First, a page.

Editorial: How to Avoid Zoom Fatigue

By: Vivian Wang

PLACENTIA, CA – Penn State University’s Alyssa Cimino states that the average American spends approximately 10 hours and 39 minutes a day using screens. Screen time on devices encompasses TVs, smartphones, tablets, laptops and computers, and other devices with screens. After spending countless hours using technology, an individual might experience Zoom fatigue. Zoom fatigue refers to the experience in which an individual feels exhausted from having several online video meetings on Zoom.

Researchers from Stanford University have investigated why individuals experience Zoom fatigue, with some of the underlying issues including excessive eye contact and constant video reflections. During Zoom meetings, an individual feels inclined to constantly make eye contact with their camera since everyone is looking at the screen at the same time. Additionally, Zoom users may find themselves constantly staring at their own video reflection and becoming self-conscious of how they appear on camera.

To mitigate Zoom fatigue, it is important to allocate a designated daily off-screen time, whether it be in the morning or night. Huffington Post’s Chloe Tejada explains that checking one’s smartphone at the beginning of the day can lead to a “all the things I’ve missed since yesterday” mentality. Taking time away from technology in the beginning of the day can lead to increased mindfulness and self-awareness, Tejada iterates.

Since one of the largest factors of Zoom fatigue originates from the ability to view one’s video, another way to address Zoom fatigue is to use the “hide self view” function on Zoom. Hiding self view will prevent oneself from viewing how they appear on camera so that they do not constantly stare at their video appearance. To switch on the “hide self view” option on Zoom, the user should right click on their profile and then select the option to hide their view. LIbby Sander and Oliver Bauman from TED assert that being able to constantly view one’s own face can increase one’s self-consciousness and anxiety. Utilizing the “hide self view” function will allow a Zoom user to focus on the meeting rather than how they appear on camera.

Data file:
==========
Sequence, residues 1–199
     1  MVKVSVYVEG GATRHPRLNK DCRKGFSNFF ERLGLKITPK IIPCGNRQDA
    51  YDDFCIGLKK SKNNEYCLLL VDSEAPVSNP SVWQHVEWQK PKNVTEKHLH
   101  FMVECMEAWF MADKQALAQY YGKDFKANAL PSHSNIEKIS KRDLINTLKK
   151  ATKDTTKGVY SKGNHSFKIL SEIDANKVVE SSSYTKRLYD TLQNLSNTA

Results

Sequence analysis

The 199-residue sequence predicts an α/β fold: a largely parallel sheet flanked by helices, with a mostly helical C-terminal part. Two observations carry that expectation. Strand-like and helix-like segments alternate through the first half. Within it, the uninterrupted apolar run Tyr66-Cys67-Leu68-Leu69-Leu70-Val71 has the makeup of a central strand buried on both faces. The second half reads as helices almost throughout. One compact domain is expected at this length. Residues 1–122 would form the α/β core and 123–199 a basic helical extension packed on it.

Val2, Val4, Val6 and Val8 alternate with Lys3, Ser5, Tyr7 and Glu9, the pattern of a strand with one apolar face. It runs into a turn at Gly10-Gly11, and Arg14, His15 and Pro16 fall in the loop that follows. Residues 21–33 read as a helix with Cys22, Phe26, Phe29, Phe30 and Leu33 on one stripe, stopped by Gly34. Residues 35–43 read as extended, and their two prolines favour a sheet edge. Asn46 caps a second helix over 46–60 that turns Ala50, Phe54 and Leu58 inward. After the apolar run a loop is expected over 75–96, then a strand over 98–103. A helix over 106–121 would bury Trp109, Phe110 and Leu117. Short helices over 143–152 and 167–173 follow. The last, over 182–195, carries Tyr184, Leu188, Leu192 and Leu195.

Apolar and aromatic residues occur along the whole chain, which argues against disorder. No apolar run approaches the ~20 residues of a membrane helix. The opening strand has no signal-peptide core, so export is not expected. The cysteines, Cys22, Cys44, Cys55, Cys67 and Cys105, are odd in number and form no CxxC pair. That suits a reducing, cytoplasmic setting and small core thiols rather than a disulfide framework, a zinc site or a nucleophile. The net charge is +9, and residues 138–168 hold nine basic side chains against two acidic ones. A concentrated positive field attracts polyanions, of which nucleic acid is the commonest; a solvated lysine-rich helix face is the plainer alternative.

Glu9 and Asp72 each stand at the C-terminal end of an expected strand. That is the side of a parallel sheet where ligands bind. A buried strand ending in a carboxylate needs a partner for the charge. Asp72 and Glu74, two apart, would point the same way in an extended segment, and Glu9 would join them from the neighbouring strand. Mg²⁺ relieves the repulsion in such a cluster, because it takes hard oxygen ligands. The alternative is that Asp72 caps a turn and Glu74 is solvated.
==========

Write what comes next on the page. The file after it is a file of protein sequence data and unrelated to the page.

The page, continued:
Sitting for extended periods of time with a camera pointed at an individual can become extremely uncomfortable and exhausting. Vignesh Ramachandran from Stanford University outlines a solution; taking a short stretch break with a camera off time will help with the fatigue. When compared to an audio call, video conferencing becomes much more rigid for a caller as they cannot multitask, whether it be with sorting laundry or cleaning a room. Video calls require the caller to be present and constantly viewed by other meeting participants. As such, Ramachandran encourages all video conferencing participants to frequently turn away from their devices so that their bodies can reset. Ramachandran also recommends that individuals using video calling platforms should try to minimize the window so that their face does not fill up their entire computer screen.

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